Dumaguete: Home is where ‘very nice’ lives

Vendors selling food along Rizal Avenue on the boulevard with Silliman Hall in the background. Dumaguete’s growth has brought with it big-city problems such as traffic and noise.

First impressions will always ruffle feathers.

A few people took umbrage at my whining about how hot and humid it is here in Dumaguete City.

“It’s the tropics. What did you expect. LOL,” wrote a detractor.

Fair enough.

After three days on the ground in my hometown, a little rest and a few San Miguel beers have adjusted my outlook on this wonderful place I proudly once called home.

Don’t get me wrong this place is still crowded, dusty and dirty. Don’t even get me started on that smell. If you don’t know what I’m talking about then you’ve never been down the port of Dumaguete or the market downtown.

The traffic is insane. How many motorcycles are there in this town anyway? Valet parking for motor bikes? Really? Only in Dumaguete, I say.

Just about every street corner in Dumaguete is packed with parked motorcycles.

Then I started to meet the people living here and I have never felt more at home than I am today.

John Nelson, of Montreal, Canada, said it best while lounging on the boulevard: “People here are very nice.”

Our bellhop at the Bethel Guest House, Stephen, is the epitome of nice. I can’t bump into him in the lobby without getting a warm “hello sir”. And I have not tipped him, yet.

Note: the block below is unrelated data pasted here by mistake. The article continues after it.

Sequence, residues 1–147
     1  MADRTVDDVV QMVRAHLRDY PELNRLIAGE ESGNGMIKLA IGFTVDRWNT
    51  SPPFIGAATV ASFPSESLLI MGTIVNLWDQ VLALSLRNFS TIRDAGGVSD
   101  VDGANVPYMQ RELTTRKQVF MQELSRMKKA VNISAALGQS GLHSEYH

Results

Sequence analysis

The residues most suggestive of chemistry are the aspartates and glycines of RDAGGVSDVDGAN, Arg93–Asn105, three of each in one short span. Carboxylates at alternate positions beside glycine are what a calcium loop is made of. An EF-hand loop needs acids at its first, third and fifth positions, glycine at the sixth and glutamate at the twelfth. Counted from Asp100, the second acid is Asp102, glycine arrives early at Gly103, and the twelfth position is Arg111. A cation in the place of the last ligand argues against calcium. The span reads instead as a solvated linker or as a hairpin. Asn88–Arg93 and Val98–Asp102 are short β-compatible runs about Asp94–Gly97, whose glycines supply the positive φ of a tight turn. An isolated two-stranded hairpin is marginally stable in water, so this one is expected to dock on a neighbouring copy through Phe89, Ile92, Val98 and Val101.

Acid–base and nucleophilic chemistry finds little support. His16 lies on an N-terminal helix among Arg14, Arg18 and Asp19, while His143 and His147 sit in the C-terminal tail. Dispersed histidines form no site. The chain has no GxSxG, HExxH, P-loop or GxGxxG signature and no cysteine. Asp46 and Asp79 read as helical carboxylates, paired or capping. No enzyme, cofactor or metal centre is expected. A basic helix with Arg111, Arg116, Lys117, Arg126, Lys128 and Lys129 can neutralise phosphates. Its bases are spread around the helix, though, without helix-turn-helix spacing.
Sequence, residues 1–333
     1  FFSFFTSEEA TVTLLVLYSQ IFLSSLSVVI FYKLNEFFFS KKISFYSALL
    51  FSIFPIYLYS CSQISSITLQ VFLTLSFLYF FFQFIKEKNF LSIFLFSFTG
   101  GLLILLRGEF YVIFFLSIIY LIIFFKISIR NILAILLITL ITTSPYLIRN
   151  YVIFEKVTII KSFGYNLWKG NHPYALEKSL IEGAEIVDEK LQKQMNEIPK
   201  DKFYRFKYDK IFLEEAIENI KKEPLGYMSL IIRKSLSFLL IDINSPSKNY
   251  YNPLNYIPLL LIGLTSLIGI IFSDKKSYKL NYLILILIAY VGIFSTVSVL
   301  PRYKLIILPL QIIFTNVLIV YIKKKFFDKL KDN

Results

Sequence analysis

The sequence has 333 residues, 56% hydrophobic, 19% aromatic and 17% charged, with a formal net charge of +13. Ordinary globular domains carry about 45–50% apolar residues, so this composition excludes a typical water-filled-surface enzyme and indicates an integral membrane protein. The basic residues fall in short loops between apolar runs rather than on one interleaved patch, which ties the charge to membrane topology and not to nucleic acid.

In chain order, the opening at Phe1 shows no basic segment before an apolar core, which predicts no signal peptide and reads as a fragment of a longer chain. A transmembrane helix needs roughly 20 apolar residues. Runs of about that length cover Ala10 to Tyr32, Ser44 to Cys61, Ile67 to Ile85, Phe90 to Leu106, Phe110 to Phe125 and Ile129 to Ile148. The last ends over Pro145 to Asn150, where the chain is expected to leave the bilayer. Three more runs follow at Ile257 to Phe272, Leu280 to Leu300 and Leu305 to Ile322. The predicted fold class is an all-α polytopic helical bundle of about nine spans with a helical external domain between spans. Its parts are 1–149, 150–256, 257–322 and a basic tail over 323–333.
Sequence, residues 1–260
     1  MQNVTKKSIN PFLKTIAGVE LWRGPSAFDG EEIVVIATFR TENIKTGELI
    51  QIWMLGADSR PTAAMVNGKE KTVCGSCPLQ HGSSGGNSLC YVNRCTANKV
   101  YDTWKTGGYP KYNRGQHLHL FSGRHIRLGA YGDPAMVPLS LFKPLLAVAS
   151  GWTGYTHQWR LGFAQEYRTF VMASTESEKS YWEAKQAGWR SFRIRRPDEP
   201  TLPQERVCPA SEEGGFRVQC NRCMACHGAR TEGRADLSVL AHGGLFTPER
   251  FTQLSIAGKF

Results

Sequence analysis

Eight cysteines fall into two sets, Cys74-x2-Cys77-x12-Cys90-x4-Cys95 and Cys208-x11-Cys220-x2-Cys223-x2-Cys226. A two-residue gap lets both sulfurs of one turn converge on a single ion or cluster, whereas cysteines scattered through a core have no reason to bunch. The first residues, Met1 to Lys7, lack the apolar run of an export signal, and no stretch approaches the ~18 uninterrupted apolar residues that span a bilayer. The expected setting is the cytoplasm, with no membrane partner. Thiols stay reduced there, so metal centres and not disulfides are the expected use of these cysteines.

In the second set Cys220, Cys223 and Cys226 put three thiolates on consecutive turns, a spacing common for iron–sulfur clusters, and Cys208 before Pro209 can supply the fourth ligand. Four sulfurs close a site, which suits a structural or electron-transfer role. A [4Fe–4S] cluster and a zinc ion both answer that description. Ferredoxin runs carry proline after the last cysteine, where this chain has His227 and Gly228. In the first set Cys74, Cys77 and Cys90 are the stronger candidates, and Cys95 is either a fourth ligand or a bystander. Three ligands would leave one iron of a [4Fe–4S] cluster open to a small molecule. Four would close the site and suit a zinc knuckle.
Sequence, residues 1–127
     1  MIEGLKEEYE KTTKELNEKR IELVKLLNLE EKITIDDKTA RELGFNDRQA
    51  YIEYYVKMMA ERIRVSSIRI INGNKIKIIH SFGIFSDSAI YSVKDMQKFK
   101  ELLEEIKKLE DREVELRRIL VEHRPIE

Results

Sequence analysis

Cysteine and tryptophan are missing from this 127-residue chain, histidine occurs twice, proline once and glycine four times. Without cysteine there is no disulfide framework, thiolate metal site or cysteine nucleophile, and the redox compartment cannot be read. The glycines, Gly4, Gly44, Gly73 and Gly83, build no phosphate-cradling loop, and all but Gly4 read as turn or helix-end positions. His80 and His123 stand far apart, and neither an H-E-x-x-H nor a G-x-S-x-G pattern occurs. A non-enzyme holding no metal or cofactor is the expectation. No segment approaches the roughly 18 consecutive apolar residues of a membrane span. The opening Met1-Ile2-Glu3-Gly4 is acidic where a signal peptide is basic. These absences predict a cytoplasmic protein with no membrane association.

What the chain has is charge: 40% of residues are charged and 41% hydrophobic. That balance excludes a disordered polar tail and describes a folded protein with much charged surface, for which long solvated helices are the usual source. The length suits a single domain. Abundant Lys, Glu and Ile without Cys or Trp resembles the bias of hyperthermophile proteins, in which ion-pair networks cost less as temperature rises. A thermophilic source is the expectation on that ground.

Sidro, the tricycle driver we hired to go to Amlan, stopped his ride on the boulevard to come over to say hello to Meg and I as we sat enjoying an afternoon beverage. I know he made bank on our transaction the other day, but good luck getting that kind of sincerity from a cabbie in Los Angeles, Calif.

I am beginning to see that quaint little town I once called home. The warmth and hospitality of the people here is endearing.

“Now that I have have had enough sleep I can see things a bit clearer,” Meg said. “I love how everything is done here. It is all so personal.”

Well said my love. This place knows how to do nice.

“Filipinos just aim to please,” she said. “Some tourists can be so demanding. (And the people here) stay very nice the whole time.”

Amen to that.

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